The power and tentacles of this beast are felt in every place of the globe. One thing that the film didn’t point out was the development of capitalism’s bastard-child, globalism. I guess a man can only do so much in 2 hours!

Consequently, the power of capitalism and globalism has worked to demolish every other system that it encountered! It has even brought the last vestige of Sunni Muslim polity, the Caliphate, to its knees! The monolithic system–the only one that could easily boast that it was the longest lasting system in the world–would eventually succumb to the machinations of international bankers and financiers.

Moore renews the sense of American people-power at the end of his film. He shows the victories of the people over corporations when communities took to the streets and demanded their rights. He also shows that the efforts of workers after a mass-layoff, led to them achieving a victory against their former-employers.

All-in-all, I think that this movie did a good job in presenting the problems of corporate capitalism and the sway that private businesses have over American politics. Moore is optimistic that the American working-class would eventually triumph over their enemies by encouraging unions, collectivism, and civil disobedience. He calls out for help, recognizing the curse of his own celebrite. His call was a desperate plea to infuse hope and action into the American people to return U.S.A. Inc. to U.S.A. B.C.E. (Before Corporate Expansion).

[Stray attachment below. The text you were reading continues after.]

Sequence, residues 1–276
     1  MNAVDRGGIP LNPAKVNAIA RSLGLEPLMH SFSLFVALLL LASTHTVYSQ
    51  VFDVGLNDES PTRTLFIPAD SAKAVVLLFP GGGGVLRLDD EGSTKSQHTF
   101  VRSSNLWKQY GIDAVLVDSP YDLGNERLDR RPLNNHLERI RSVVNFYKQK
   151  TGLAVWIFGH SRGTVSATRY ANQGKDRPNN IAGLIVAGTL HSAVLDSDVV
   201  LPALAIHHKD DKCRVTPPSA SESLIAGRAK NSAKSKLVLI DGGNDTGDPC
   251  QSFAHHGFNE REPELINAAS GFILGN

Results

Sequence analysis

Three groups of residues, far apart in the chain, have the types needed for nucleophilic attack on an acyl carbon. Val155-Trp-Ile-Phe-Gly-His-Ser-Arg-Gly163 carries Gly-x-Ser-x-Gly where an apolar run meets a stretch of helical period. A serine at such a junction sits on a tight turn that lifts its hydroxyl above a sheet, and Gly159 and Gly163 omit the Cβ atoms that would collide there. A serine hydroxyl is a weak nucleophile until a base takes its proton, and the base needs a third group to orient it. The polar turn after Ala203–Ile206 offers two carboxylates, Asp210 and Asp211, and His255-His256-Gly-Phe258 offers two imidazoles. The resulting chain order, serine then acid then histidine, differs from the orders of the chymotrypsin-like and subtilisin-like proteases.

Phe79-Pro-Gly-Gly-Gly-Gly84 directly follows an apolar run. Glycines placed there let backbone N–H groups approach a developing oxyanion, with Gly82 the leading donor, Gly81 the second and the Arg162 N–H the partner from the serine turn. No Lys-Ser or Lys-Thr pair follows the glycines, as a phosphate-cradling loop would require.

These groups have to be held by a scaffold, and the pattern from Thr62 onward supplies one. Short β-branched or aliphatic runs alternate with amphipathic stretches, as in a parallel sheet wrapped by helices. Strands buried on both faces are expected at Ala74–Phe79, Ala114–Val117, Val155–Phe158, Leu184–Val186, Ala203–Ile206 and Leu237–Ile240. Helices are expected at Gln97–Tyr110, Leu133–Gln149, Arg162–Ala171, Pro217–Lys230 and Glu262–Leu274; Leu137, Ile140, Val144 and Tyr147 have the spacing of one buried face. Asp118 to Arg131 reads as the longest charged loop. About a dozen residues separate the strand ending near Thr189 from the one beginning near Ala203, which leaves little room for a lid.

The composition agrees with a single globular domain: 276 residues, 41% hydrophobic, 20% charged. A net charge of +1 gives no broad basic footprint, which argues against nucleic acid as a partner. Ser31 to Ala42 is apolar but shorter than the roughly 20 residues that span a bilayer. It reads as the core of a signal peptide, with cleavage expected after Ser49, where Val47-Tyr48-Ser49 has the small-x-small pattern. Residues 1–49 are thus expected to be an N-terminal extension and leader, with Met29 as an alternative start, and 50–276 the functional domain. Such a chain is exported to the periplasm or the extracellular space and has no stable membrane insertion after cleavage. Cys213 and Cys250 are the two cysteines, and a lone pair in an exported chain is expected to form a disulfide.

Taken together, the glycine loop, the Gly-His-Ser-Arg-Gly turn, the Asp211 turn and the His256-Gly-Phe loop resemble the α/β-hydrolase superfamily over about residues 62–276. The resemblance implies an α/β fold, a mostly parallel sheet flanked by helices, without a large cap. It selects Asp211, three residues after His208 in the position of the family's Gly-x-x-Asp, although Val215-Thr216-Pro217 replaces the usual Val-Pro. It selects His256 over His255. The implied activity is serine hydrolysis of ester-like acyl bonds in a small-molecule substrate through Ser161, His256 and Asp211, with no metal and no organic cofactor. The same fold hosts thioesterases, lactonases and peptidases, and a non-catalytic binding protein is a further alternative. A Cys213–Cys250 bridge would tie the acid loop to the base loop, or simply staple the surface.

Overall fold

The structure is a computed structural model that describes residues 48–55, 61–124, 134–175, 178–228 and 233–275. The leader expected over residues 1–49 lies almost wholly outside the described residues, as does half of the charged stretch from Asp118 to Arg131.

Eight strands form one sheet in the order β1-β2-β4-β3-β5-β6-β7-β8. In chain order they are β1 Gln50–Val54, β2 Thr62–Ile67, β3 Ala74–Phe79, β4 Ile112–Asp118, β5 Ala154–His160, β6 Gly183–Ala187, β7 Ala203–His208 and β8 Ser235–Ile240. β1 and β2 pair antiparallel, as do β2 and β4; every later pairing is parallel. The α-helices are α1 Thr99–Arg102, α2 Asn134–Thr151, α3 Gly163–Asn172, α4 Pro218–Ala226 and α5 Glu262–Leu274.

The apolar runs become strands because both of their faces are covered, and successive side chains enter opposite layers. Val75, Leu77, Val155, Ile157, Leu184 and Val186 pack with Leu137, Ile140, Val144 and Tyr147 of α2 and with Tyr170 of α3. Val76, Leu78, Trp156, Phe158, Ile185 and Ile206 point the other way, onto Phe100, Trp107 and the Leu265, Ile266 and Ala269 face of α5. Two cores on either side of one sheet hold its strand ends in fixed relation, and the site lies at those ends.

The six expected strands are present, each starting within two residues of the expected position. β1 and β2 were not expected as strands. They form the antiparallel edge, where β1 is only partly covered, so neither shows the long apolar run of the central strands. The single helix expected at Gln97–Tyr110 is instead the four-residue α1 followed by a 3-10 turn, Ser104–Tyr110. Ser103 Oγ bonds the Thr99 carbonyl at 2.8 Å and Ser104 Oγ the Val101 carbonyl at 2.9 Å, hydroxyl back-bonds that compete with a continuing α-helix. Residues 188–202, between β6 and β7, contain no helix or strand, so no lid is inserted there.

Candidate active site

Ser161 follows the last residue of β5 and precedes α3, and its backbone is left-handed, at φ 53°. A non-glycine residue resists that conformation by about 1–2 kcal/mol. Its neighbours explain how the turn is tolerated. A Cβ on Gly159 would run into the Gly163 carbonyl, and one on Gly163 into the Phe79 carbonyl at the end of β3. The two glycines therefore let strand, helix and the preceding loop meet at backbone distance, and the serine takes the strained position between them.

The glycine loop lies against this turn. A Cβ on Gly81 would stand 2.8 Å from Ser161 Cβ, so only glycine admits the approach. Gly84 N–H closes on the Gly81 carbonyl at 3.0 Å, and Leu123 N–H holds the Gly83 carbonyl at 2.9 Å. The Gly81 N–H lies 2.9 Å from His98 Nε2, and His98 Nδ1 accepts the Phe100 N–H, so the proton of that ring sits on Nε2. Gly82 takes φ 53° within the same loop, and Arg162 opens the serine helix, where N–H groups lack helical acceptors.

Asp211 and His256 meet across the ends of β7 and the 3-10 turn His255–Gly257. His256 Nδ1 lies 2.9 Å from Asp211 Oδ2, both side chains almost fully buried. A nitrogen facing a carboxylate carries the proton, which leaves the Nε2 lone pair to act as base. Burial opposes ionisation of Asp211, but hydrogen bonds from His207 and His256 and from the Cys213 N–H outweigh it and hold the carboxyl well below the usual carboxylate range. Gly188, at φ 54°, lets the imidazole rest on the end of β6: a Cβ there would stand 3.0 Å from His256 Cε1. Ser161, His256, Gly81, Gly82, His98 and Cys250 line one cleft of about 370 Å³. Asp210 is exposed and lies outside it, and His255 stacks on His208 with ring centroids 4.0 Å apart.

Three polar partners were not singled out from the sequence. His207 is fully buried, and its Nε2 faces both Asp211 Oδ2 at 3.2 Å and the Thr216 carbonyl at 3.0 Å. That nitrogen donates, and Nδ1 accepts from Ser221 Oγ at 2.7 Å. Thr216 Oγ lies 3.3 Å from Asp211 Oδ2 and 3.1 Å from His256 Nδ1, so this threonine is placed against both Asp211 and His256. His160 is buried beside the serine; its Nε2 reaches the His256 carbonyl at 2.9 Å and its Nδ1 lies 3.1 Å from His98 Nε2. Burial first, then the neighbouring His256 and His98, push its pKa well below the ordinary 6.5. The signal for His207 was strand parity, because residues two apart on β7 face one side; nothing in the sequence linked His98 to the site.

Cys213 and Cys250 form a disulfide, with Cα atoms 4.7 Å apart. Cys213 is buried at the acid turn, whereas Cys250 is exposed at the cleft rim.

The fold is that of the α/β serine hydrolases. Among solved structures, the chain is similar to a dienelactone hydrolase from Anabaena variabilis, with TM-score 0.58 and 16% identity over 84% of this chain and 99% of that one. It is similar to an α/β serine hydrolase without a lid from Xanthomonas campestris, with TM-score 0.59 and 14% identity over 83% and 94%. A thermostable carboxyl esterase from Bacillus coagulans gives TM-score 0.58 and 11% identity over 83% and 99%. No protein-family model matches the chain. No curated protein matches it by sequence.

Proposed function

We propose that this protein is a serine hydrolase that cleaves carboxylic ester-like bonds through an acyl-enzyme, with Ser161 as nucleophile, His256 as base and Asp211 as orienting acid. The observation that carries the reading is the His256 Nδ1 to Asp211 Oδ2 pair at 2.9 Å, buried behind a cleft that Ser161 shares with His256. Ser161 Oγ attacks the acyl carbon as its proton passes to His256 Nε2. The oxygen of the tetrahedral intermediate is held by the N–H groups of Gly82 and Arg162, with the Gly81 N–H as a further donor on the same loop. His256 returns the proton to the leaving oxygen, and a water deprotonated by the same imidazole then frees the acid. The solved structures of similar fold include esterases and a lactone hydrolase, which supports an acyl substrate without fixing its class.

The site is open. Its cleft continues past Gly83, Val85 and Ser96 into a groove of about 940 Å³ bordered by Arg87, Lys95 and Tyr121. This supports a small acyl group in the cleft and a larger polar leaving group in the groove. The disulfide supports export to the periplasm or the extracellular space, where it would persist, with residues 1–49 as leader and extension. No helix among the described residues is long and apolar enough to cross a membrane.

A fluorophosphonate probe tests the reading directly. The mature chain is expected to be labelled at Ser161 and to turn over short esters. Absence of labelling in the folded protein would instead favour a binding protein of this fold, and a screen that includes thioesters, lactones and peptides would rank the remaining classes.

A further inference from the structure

Say what you want about the man; he’s a populist! You can’t fault a man for audacious hope!


2 thoughts on “Das Kapital: In Colour (A Review of “Capitalism: A Love Story”)

Add yours

  1. Nice review. I can’t wait to see the film. The solutions that he offered, at least the ones you mentioned, seem to be only minimally effective. What, in your estimation, is a pratical solution. It seems that even our struggle is controlled by the elite.

    P.S.- You need to put this stuff on Facebook!!!


    1. salaamz!

      Thanks for your reply!

      As far as a solution to the global domination of capitalism, I can really offer no practical solution other than uprooting the system itself.

      As far as a solution to the social consequences, I think that change should be implemented from the bottom up. I’m not a fan of politics; rather, I have always been an advocate for grassroot efforts. For example, instead of appealing to a pasty-faced, baby-kissing, politician to institute government feeding programmes, citizens should organize food drives and so forth. In other words, don’t depend on the State apparatus to do something that you can do yourself!

      Yeah, in a representative democracy, the presence of an elite is inevitable. We typically elect members of the elite to speak for us. Sometimes they represent our interests; most times, they don’t.